Voice of America has long been delivering news – and also long been breaking news. The most recent example is an exclusive VOA’s Somali Service got with the father of the young stowaway who survived a flight from California to Hawaii hidden in a jetliner’s wheel well. Soon after the news broke, journalists from many media outlets tracked down the boy’s father and tried to get him to talk. But the father, Abdilahi Yusuf Abdi, refused, with one exception, to speak with any of them. The exception was a reporter for VOA’s Somali Service: Mohamed Olad. But the story didn’t come easily.
Even though Olad was able to talk to the father in his native Somali, and even though Olad could remind him that their two families knew one another in Mogadishu, the father was at first still reluctant to talk. However, the Somali Service reporter gained the father’s trust. He told Olad he first received the news about his son in a phone call from a police department in Hawaii. “They told me that they were holding my son,” he said. “I was shocked. I wondered how my son went there. They tried to explain to me about the stowaway and the plane story.” But most of all, the father wanted to express his great relief and joy that his son was safe, that “Allah had saved him,” that he somehow survived the five-and-a-half hour flight tucked inside the wheel well of the jet. “I thanked God and I was very happy.”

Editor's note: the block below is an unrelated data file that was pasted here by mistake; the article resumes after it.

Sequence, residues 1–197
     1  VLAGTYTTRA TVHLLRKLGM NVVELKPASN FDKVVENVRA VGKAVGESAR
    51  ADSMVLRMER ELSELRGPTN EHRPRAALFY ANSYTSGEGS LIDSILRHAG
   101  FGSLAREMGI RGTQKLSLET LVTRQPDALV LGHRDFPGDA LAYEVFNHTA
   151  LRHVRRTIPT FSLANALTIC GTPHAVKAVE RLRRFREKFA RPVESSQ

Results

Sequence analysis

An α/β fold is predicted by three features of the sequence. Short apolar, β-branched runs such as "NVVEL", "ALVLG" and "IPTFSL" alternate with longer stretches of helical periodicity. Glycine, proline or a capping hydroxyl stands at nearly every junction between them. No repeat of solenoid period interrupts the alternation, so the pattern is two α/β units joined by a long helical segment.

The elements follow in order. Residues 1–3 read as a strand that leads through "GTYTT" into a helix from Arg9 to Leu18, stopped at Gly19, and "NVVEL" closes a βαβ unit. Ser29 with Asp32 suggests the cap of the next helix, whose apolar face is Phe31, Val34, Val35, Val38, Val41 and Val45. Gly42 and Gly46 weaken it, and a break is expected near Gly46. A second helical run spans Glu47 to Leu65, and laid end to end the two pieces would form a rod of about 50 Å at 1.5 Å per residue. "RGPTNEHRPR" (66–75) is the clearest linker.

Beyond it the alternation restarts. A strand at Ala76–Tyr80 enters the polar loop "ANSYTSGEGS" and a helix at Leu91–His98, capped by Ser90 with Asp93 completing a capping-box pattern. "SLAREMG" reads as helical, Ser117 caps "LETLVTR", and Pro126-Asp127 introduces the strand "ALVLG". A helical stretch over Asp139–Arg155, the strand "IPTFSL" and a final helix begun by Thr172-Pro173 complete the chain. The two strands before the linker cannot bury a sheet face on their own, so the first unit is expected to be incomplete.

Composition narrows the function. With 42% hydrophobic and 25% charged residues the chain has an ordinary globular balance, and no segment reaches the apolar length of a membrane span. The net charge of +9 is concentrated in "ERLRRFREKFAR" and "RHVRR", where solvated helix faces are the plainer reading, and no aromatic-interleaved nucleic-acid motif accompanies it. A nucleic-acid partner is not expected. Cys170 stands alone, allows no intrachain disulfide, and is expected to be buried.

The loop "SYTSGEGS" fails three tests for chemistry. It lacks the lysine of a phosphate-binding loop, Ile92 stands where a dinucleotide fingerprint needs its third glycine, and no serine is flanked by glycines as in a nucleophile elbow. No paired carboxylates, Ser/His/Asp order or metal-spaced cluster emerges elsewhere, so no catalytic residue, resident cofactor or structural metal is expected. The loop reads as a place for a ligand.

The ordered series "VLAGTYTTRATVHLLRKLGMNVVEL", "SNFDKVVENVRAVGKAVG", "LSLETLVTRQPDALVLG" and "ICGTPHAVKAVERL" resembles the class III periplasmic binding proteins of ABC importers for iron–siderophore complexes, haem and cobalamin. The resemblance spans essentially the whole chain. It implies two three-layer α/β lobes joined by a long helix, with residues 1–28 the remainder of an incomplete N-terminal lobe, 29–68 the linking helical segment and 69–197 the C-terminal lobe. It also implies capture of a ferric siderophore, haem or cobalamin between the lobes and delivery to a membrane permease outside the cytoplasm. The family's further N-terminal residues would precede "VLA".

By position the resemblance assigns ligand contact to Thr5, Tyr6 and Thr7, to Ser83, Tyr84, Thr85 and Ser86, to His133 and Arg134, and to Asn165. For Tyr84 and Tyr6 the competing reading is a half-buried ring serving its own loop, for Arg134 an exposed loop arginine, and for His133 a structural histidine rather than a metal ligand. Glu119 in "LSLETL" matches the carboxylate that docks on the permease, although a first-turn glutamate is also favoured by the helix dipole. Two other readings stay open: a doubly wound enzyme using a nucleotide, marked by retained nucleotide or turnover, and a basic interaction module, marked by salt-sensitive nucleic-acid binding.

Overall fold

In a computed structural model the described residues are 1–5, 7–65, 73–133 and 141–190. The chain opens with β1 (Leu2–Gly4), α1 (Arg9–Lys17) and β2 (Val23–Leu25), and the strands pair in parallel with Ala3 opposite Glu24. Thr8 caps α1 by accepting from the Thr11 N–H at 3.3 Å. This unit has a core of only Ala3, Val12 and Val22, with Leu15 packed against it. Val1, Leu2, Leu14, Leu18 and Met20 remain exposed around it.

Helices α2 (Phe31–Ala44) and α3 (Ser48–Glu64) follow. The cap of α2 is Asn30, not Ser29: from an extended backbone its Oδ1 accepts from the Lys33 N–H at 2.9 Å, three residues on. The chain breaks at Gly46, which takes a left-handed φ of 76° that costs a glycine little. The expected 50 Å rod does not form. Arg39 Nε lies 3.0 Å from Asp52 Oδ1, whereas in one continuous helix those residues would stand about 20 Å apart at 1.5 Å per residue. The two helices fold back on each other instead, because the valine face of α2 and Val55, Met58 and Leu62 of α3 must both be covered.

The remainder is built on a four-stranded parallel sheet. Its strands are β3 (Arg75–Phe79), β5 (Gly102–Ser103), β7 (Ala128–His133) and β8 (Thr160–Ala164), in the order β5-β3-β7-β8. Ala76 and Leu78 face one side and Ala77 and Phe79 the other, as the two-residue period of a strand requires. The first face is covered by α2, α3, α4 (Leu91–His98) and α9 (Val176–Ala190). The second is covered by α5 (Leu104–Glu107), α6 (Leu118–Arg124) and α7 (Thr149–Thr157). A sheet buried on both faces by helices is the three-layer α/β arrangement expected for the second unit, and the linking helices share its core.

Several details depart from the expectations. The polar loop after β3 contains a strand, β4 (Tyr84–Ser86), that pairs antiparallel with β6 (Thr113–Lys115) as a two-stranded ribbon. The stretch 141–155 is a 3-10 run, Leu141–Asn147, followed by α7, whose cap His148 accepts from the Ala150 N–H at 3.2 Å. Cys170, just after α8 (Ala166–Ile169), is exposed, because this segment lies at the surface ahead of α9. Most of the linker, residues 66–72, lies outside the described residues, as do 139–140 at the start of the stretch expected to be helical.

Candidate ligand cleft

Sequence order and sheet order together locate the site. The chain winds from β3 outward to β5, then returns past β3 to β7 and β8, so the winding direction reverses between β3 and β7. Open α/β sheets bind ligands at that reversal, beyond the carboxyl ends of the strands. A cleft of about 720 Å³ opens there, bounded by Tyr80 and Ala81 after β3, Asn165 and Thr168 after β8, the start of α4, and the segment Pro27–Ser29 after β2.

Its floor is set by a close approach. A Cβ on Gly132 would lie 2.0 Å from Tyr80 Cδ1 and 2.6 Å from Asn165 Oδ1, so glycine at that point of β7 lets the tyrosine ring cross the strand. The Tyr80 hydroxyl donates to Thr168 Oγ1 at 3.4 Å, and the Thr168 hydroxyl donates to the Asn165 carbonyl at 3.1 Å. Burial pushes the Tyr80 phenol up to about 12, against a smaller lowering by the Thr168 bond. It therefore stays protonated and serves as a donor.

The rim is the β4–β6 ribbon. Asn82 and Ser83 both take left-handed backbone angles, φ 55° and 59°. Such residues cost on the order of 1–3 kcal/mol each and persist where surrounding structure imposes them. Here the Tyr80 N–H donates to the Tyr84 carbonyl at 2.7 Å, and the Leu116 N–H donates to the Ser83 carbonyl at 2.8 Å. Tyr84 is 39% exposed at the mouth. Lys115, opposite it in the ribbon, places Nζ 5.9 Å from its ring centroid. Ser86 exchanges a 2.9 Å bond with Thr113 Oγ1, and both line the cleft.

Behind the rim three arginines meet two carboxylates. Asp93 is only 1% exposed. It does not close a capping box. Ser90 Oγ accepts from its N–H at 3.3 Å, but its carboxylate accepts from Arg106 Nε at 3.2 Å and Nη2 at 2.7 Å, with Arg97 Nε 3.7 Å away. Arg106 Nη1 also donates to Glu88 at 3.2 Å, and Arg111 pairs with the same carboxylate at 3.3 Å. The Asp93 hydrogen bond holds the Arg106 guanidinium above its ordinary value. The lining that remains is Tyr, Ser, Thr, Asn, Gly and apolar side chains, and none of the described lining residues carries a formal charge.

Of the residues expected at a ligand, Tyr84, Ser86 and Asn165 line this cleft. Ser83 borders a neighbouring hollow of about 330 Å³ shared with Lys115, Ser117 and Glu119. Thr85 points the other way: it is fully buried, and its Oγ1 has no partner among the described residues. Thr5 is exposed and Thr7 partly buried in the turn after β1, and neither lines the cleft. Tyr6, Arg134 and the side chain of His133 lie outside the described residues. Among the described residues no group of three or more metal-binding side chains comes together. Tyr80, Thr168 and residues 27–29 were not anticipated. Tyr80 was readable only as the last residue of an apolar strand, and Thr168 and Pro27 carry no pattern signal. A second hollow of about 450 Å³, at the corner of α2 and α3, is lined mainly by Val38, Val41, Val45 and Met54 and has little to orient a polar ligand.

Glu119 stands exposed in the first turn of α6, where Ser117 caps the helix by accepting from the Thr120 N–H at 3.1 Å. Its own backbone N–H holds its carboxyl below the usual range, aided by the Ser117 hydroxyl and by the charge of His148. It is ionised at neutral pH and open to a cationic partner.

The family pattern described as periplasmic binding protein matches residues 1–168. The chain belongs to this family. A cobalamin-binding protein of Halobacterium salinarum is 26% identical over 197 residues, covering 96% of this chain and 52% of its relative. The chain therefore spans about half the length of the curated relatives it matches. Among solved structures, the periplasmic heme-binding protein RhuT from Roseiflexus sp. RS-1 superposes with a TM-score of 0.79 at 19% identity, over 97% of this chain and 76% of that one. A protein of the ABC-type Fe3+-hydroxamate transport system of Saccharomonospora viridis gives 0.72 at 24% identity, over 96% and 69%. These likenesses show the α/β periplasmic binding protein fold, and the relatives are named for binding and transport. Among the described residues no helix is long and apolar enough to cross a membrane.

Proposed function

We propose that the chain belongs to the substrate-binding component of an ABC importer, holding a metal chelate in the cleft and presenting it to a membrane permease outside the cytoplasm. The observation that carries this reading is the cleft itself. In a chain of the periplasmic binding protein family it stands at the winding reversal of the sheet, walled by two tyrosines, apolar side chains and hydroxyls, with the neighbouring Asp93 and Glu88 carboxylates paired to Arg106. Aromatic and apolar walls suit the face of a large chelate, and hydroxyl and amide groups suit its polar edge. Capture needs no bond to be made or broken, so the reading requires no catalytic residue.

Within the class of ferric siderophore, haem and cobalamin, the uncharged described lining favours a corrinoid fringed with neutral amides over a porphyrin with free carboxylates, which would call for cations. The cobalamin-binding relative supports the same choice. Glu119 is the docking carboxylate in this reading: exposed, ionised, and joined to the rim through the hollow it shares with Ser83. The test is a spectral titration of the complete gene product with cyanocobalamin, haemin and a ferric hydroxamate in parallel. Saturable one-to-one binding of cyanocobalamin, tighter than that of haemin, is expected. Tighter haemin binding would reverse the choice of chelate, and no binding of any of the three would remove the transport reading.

Immediately after the interview, the Somali Service translated excerpts into English and gave them to VOA’s Central News and English divisions, which funneled a report on the interview out to U.S. and international broadcast outlets via social media. And then the deluge began. Calls came in from news outlets across the country. Reporters from the major networks and news agencies were eager to learn how VOA was able to get the news that had eluded them. Some of them can be seen here: CNN, NBC, Washington Post, AP, Los Angeles Times, ABC, and New York Magazine, among others.
That VOA’s Somali Service was able to get the story would be no surprise to members of the media in Somalia, who have dubbed VOA Somali staffers “the news breakers.” That Mohamed Olad was able to get the story is also no surprise. Before joining VOA’s Somali Service in 2010, he was a Mogadishu-based correspondent for, among others, the Associated Press and the BBC World Service. He has received the Speaker Abbot Award given by the British House of Commons and here in the United States has received the Louis M. Lyons Award for Conscience and Integrity in Journalism from Harvard University’s Nieman Foundation.
VOA Somali broadcasts three radio programs daily: a 30-minute breakfast show from 0330-0400 UTC (6:30-7:00 am in Somalia); a one-hour afternoon program from 1300-1400 UTC (4:00-5:00 pm in Somalia); and a one hour evening program from 1600-1700 UTC (7:00-8:00 pm), that is repeated at 8:00 pm for affiliates. Programs are heard on AM, FM, shortwave radio and the Internet, where it has a weekly webcast TV show that features a variety of programs, including stories about Somalis and Americans. News is also accessible on mobile devices.